Convicts were assigned to free settlers. and shelter. administered with the cat-o’-nine-tails. Convicts had sentences from 50 . A conditional pardon meant. While serving out their sentences. and buildings” (Convicts 5). Over time. such as roads. toiling for farms and business and. “ ‘conditional on never returning to the British Isles’ ” (quoted in Skruba 3). An absolute pardon meant the convict became liberated of all charges and became free to return to England. And. if allotted to a cruel master. the ability to grant pardons.. convicts lay subject to the last tier of the convict system.but many more were assigned to cruel men. clothing. The administration most usually meant the guards that watched over the convicts and the guards who were at hand when the magistrate declared it’s sentence. in turn. punishment from the administration. who were only intereseted in getting as much work as possible for the least cost. These gangs lived together being transported from one task to the next in “ ‘small shells on wheels in which twenty men slept’ ” (qtd. they had little chance to complain to a judge (Convicts 4). they were at the mercy of a corrupt magistrate: . it was known as probation. An absolute pardon was normally granted when a sentence reached completion while the conditional pardons were granted with early dismissal. the English government gave the governors of New South Wales and Van Diemens land the third power the convict system. in Skruba 2). some convicts were allocated to probabtion gangs where they “were used to build public works. Instead of being assigned to free settlers. they were supplied with provisions of food. Convicts never knew who they would be assigned and if allotted a cruel master. bridges. Flogging was the most widely used form of punishment. The next tier in the convict system was introduced in Van Diemen’s Land (Tasmania). Convicts had no say in their assignment.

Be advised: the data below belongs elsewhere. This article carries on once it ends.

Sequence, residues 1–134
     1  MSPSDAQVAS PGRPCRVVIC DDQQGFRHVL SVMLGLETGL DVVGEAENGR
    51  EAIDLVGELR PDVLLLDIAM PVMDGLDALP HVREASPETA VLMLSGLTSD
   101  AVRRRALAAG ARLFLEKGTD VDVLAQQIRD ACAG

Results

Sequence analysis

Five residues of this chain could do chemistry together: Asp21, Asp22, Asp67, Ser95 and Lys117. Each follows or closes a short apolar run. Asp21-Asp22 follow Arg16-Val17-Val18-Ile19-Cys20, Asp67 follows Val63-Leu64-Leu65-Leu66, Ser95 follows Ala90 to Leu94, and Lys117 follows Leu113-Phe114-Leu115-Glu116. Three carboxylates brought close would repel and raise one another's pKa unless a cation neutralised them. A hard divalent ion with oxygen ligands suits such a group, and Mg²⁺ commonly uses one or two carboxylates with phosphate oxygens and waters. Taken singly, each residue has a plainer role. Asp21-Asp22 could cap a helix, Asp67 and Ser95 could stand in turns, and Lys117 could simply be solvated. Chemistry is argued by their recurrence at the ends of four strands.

The convicts and the law they found themselves subjected to founded the first part of Australia’s history. Australia was not seen as the sunny nation Down Under. Time. Australia was born on the back of convicts during a time of poverty. 2. however. At that time. References . and confusion. It took endurance to become the laughing. care free nation the world sees today. It took strength to be shackled with poverty. marches on. The past always becomes shadowed as the years slip away.lashes to. despair. fall victim to the criminal life. It is a sad thing too. she was seen as the scourge of England. because Australia has so much character. The system convicts found themselves existing in had the power to break men stupid from hard toil and punishment.000 lashes. Convicts commonly had 200 lashes administered to their backs--it took about four minutes to dole out 50 lashes. and still create a new world. to live without freedom. in rare situations.

” New Advent Catholic Encyclopedia. Hughes.. Inc.“Australia. 2006. 1986.worldbookonline. <http://www. The Fatal Shore: The epic of Australia’s founding. 2006. 26 Jan. Robert. <http://www. New York: Alfred A. Knopf. Angela. 27 Jan. . “Convicts in Australia. 2006.” Online. 2006.edu/casl/hum/eng/classes/434/geweb/AUSTRALI. Skruba. Online.htm>.umd. “The History of the Australian Penal Colonies. Online.umich.com/wb/Article?id=ar132010>. 26 Jan.” World Book Online Reference Center.